Last Updated on Tuesday, 16 February 2010 00:22
Written by Terry Anderson
Friday, 29 January 2010 22:03
Always One More Time
by Terry L. Anderson
After hunting at least eight times with Angus Brown Safaris, you might think there would be nothing left to get the adrenalin pumping. But with Angus, there is always some excitement left in his bag of tricks.
In May 2009 part of the excitement was experiencing Angus and Jenny’s new property, Paradijs. I’ve always archery hunted in the bushveld where hunting was pretty much limited to blinds over water.
The highveld of the Free State could not be more different. With the Brown’s house at 5000 feet and mountain tops at 7000 feet, it feels much more like Montana (our home) than the South Africa we were used to. Canyons with steep rock walls tested this old body. Climbing around the cliffs, Angus pointed out parapets where the Boers (farmers) dug in to fight the British Red Coats more than 100 years ago. Above the canyon walls it is flat plains, making someone from Montana expect to see pronghorn antelope rather than zebra, red hartebeest, and gemsbuck.
If you are getting the visual picture, you must be asking what is a nice archery hunter
like me doing in a place like that? The answer, I like challenge. And a challenge I got!
My first species of choice was the mountain reedbuck, a small target in high grass and boulders. Reon, my guide, got me within 60 yards many times, but the arrows I launched only left artifacts for future archeologists. On the final day with the wind howling and rain coming on the horizontal, I did manage to take a trophy ram with Angus’ 270.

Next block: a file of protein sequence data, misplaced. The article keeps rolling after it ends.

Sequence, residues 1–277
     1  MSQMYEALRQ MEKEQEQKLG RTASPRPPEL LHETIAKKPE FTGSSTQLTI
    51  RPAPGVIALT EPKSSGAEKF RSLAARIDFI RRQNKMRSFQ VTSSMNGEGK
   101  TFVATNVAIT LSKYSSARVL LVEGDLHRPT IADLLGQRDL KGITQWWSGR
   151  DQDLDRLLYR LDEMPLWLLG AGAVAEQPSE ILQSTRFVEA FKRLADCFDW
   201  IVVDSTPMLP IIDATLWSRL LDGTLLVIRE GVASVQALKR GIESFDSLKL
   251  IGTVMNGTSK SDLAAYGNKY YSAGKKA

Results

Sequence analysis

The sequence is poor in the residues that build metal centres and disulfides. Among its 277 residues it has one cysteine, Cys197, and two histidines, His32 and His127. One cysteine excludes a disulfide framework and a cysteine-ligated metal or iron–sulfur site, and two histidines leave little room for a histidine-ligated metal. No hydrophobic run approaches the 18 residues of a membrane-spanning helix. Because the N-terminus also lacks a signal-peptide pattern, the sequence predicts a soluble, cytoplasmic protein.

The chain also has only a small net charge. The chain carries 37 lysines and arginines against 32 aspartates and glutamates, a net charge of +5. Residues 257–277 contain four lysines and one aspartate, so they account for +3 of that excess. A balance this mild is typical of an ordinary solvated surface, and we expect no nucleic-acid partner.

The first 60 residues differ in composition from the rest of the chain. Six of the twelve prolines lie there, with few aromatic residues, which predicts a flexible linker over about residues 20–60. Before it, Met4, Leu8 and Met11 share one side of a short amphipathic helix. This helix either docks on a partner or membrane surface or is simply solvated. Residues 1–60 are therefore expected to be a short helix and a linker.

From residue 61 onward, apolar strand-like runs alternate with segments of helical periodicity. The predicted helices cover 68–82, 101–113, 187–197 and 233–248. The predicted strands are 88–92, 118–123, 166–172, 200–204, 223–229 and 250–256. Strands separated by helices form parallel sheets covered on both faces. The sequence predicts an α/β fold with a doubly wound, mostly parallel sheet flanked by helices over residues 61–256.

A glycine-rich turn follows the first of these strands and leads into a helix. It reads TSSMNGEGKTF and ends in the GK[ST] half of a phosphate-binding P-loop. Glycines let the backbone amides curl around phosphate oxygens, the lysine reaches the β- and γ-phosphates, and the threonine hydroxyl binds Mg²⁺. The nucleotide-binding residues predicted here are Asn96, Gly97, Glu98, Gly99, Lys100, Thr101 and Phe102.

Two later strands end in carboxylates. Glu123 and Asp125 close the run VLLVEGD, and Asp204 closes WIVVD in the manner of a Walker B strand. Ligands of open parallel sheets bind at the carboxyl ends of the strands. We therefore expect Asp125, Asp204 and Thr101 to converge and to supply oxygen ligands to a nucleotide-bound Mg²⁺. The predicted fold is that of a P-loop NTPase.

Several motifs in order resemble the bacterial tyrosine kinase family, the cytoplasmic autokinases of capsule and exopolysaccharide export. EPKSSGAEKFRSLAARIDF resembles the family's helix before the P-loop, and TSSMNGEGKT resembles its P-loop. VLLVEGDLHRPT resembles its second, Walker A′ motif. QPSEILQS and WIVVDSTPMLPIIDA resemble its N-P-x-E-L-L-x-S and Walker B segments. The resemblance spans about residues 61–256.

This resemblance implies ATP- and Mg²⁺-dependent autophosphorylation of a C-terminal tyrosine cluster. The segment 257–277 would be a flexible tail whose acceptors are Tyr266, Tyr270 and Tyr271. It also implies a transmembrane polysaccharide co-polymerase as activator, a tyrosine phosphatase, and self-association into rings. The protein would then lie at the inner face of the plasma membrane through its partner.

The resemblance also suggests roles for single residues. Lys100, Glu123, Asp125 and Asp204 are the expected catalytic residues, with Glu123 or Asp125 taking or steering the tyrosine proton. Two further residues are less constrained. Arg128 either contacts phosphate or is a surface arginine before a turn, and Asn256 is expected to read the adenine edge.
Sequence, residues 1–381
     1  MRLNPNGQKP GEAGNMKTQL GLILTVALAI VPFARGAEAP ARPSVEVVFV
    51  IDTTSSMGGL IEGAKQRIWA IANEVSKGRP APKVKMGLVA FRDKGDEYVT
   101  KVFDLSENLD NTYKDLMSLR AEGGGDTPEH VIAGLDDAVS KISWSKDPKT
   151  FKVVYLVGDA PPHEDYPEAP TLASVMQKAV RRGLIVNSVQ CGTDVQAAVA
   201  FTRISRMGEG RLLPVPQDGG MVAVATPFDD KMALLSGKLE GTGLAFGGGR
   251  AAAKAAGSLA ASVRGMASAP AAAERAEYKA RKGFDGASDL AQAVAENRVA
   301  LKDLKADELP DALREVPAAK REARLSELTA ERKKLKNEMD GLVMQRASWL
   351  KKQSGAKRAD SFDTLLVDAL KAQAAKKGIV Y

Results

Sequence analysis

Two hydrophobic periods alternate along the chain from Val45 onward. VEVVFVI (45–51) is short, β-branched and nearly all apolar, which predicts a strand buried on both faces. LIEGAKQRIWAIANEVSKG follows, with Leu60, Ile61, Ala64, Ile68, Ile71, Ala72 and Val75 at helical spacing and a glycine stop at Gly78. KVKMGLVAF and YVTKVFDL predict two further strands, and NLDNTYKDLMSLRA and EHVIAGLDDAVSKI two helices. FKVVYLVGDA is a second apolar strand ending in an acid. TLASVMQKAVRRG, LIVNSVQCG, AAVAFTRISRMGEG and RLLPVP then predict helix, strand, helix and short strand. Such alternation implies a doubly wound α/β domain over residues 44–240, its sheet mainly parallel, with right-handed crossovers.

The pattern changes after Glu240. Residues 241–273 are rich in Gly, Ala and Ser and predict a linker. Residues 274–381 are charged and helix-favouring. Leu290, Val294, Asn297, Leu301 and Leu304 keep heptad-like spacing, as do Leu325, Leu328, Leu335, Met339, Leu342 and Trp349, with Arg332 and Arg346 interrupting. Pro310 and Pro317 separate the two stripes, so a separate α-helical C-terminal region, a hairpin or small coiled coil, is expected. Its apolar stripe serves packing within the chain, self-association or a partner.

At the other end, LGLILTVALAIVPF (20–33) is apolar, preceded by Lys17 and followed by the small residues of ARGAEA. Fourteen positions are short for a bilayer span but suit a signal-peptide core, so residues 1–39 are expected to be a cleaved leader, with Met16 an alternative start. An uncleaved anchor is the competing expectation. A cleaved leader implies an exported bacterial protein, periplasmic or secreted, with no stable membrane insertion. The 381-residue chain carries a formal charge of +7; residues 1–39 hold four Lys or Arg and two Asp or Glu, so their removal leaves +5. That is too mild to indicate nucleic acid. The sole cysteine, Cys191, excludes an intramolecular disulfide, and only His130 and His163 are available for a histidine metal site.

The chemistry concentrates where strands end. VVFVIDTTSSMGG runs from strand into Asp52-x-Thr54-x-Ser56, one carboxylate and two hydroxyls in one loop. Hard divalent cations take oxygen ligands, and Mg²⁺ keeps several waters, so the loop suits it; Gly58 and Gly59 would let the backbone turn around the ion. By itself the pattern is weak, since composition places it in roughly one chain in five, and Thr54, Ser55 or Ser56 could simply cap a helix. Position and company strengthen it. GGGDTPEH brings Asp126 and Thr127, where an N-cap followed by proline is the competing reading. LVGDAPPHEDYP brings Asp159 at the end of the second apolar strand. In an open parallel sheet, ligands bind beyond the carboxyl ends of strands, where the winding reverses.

My second species of choice was the lechwe. On a horseback safari in Botswana’s Okavango, I had a chance to gallop with the lechwe at 15 yards and imagined what it must have been like for American Indians to hunt buffalo from horseback. Fortunately, Angus didn’t require that, but instead made arrangements to stalk lechwe on a nearby property. With rams in the rut and hundreds of them, it was relatively easy to get within range and take a beautiful ram with my bow at 25 yards.
My third species was one I had not thought about, but the huge fallow deer stag on Paradijs got me excited. Because Angus is building his fallow deer herd, he made it clear that his stag was not to be the target of my arrow or bullet. With my appetite whetted, however, he showed Monica, my wife, Reon, and me nearby property with abundant free-roaming fallow deer.
While Angus supervised construction of his new lodge, which I’m sure will be spectacular, we took up the hunt. Given the rain and wind, my hopes were dampened. Fortunately, the guide’s keen eye changed that. From a distance, he spotted a huge stag, bigger that Angus’ monarch. With no hope of an archery shot, I stalked to 125 yards with the 270 and put him down with a clean shot.
Oh yes, I did begin by suggesting that there was adrenalin pumping, and there was with each of the species. The real adrenalin rush, however, came while sitting in a Double Bull blind surrounded by two strands of barbed wire. Why, you might ask, were they surrounded by barbed wire? The answer, “Black Death.” That story I’ll leave for Monica.
MONICA: Terry enticed me into the blind with the prospect of seeing animals up close and personal. First it was nyala who were run off by an eland bull. When the eland got skittish, I couldn’t image what would run him off. Terry’s smile should have told me he knew. What he didn’t tell me was that he had seen 18 Cape buffalo near the blind earlier in the day and was hoping they might show up. And they did, at 10 feet. (Terry: More like 15 yards.) Terry’s incessant camera shutter made all 18 huge buffalo stare menacingly into the black hole. I glared at Terry with clenched teeth; “Next time, I choose, not you, when I’m going to risk my life.”
As I write this story, I’m anxiously awaiting another trip with Angus. On short notice,
I’m returning in December 2009, accompanying a friend with cancer
whose “bucket list” includes a Cape buffalo hunt with a handgun. Thanks Angus for helping Dave
and me check this off our list.